core n 1: a small group of indispensable persons or things; "five periodicals make up the core of their publishing program" [syn: core, nucleus, core group] 2: the center of an object; "the ball has a titanium core" 3: the central part of the Earth 4: the choicest or most essential or most vital part of some idea or experience; "the gist of the prosecutor's argument"; "the heart and soul of the Republican Party"; "the nub of the story" [syn: kernel, substance, core, center, centre, essence, gist, heart, heart and soul, inwardness, marrow, meat, nub, pith, sum, nitty- gritty] 5: a cylindrical sample of soil or rock obtained with a hollow drill 6: an organization founded by James Leonard Farmer in 1942 to work for racial equality [syn: Congress of Racial Equality, CORE] 7: the central meaning or theme of a speech or literary work [syn: effect, essence, burden, core, gist] 8: (computer science) a tiny ferrite toroid formerly used in a random access memory to store one bit of data; now superseded by semiconductor memories; "each core has three wires passing through it, providing the means to select and detect the contents of each bit" [syn: core, magnetic core] 9: the chamber of a nuclear reactor containing the fissile material where the reaction takes place 10: a bar of magnetic material (as soft iron) that passes through a coil and serves to increase the inductance of the coil v 1: remove the core or center from; "core an apple"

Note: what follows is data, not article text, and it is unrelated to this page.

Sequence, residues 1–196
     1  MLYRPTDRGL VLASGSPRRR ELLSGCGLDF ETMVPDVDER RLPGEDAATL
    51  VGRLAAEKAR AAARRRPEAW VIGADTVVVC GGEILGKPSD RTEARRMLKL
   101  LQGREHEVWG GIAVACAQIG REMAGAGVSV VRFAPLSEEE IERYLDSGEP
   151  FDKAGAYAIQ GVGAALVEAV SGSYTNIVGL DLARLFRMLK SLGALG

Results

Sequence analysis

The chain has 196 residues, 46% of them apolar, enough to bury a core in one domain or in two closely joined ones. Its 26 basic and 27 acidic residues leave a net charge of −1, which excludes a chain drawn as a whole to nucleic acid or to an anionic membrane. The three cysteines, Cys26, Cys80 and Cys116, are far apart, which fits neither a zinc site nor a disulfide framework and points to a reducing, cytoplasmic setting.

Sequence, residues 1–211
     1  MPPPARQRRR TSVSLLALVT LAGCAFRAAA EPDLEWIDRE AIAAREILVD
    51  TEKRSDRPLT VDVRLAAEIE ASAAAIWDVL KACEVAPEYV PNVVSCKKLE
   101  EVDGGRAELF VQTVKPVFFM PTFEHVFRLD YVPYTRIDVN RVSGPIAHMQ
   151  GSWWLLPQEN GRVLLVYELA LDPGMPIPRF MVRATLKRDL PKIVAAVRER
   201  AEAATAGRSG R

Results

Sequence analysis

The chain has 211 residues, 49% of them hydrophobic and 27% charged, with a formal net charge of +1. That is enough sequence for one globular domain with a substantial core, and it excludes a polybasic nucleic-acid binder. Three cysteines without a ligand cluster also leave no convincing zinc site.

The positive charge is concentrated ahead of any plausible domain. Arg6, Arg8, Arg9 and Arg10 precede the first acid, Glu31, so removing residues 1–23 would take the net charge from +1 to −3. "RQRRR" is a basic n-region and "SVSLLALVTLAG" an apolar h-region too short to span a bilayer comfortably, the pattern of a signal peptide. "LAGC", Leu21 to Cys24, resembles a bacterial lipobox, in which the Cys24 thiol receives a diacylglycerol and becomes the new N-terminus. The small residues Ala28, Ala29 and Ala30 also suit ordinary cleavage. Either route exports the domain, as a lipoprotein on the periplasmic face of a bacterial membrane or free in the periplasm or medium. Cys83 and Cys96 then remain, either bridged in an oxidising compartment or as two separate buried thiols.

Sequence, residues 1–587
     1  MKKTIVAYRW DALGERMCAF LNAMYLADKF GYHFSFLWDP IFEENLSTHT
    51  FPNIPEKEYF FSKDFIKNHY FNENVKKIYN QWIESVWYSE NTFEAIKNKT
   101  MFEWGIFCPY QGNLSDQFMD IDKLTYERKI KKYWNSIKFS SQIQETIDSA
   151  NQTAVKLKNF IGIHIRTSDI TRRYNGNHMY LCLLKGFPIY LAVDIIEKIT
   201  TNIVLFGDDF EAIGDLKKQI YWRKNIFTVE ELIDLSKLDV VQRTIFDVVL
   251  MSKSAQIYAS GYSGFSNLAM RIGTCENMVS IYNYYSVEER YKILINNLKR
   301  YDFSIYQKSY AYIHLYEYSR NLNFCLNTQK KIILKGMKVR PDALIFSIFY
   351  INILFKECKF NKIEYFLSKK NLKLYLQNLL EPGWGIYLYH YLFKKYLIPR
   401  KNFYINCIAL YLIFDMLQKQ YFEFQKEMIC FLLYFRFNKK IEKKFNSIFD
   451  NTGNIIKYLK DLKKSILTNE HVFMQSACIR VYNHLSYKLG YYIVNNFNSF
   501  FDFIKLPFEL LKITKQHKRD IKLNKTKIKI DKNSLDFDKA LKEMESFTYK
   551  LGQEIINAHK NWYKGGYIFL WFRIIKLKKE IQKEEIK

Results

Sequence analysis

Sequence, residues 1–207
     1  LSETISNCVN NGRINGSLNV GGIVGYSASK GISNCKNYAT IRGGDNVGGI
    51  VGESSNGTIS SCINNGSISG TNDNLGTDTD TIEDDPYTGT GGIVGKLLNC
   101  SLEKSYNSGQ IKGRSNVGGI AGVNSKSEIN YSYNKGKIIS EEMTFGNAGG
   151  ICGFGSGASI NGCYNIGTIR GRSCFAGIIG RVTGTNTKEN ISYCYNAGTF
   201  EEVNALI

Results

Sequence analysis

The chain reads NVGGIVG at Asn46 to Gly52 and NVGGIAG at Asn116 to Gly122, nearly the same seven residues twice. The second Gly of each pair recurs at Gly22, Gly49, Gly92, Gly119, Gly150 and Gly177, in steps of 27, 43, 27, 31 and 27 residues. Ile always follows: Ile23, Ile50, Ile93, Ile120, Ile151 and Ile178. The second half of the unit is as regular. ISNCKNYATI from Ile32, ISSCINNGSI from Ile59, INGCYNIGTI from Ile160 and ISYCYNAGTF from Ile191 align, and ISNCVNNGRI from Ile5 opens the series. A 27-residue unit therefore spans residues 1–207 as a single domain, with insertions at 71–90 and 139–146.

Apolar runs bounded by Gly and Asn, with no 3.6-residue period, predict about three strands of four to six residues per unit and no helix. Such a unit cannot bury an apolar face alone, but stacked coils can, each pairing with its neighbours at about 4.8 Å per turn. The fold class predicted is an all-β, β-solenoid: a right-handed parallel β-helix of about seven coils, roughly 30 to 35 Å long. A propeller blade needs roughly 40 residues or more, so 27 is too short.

Moby Thesaurus II by Grady Ward, 1.0: